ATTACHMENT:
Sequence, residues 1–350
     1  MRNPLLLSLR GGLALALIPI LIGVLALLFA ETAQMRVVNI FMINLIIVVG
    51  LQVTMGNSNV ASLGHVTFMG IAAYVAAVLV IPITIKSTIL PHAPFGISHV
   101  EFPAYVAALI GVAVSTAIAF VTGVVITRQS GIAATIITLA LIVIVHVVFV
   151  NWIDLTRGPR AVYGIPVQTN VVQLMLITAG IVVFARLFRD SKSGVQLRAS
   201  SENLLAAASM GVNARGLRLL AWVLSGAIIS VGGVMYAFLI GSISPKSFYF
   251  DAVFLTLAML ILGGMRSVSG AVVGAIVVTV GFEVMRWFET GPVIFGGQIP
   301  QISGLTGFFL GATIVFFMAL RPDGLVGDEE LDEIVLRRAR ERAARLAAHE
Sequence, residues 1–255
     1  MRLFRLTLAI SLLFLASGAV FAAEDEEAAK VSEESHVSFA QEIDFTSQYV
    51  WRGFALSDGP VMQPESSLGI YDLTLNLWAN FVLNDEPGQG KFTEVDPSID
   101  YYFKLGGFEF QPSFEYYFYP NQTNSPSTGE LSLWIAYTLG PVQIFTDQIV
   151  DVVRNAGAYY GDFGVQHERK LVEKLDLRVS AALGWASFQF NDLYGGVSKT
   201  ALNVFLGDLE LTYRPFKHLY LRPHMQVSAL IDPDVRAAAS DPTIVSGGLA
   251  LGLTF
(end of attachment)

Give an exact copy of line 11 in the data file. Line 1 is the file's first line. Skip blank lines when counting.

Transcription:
    51  WRGFALSDGP VMQPESSLGI YDLTLNLWAN FVLNDEPGQG KFTEVDPSID